High Courts are not precluded from entertaining writ petitions even if there are disputed questions of facts

Popatrao Vyankatrao Patil Vs State of Maharashtra

Supreme Court

14/02/2020

CIVIL APPEAL No. 1600 OF 2020

About/from the judgment:

The Supreme Court has observed that a High Court is not precluded from entertaining a writ petition under Article 226 of the Constitution of India even if there are disputed questions of fact which fall for consideration but if they do not require elaborate evidence to be adduced.

 

The court was considering an appeal against a Bombay High Court judgment which declined to entertain a writ petition on the ground that it involves question of facts. The writ petitioner's case was that in spite of the he being the highest bidder and in spite of him depositing the entire amount of auction, since the possession of the sand block was not given to him for reasons not attributable to him and he could not excavate the sand, he will be entitled to get refund of the amount deposited by him.For the said refund, he approached the concerned authorities by filing representations.

 

While considering his appeal, the bench observed that, normally, when a petition involves disputed questions of fact and law, the High Court would be slow in entertaining the petition under Article 226 of the Constitution of India. But it is a rule of self­-restraint and not a hard and fast rule, it said.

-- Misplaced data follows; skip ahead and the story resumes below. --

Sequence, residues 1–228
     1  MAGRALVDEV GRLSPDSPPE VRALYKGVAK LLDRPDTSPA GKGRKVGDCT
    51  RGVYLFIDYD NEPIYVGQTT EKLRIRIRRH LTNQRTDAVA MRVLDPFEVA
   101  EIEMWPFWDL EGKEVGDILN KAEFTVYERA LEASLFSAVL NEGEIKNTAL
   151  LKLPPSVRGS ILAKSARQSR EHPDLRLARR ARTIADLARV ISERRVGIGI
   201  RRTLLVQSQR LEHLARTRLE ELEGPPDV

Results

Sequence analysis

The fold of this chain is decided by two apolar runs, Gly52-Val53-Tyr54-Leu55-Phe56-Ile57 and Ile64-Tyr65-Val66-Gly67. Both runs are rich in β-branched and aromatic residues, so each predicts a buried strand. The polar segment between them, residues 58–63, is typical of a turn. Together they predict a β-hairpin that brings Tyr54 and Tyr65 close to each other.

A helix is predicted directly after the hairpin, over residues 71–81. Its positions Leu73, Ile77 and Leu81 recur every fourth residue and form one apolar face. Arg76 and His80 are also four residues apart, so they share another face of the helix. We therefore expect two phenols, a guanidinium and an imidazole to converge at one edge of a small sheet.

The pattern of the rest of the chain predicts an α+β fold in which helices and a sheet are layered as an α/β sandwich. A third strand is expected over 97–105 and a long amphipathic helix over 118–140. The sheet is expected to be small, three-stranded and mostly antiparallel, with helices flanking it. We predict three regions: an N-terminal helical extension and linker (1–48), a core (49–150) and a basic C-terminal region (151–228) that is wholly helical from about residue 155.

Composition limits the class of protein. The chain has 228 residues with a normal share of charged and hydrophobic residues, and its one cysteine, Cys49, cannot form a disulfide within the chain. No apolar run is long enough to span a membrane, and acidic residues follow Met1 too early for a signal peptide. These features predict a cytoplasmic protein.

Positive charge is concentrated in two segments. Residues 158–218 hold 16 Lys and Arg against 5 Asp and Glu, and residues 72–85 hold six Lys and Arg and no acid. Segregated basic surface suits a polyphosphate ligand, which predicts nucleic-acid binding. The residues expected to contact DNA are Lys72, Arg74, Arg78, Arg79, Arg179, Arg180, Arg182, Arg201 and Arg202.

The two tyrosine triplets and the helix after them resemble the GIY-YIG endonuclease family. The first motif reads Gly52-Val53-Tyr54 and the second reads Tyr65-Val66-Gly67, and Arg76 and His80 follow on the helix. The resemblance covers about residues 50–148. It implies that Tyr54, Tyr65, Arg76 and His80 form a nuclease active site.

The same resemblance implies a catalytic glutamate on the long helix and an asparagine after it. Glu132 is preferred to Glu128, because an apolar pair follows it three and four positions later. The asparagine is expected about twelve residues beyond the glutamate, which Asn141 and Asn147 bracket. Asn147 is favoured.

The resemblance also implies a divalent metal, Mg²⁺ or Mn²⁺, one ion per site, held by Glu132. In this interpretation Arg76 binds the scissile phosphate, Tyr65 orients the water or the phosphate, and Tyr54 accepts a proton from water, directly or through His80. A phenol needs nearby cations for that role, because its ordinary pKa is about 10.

The Court further, referring to ABL International Ltd. & Anr. vs. Export Credit Guarantee Corpn. of India Ltd., observed thus:

 

Even if there are disputed questions of fact which fall for consideration but if they do not require elaborate evidence to be adduced, the High Court is not precluded from entertaining a petition under Article 226 of the Constitution. However, such a plenary power has to be exercised by the High Court in exceptional circumstances. The High Court would be justified in exercising such a power to the exclusion of other available remedies only when it finds that the action of the State or its instrumentality is arbitrary and unreasonable and, as such, violative of Article 14 of the Constitution of India.

 

In the present case, the bench said that there is hardly any disputed question of fact. The action of the authorities, in denying the refund of the amount of the appellant, when they themselves had failed to give possession of the sand block and as a result of which the appellant could not excavate the sand, would smack of arbitrariness, the bench said while allowing the writ petition.

Read the Judgment

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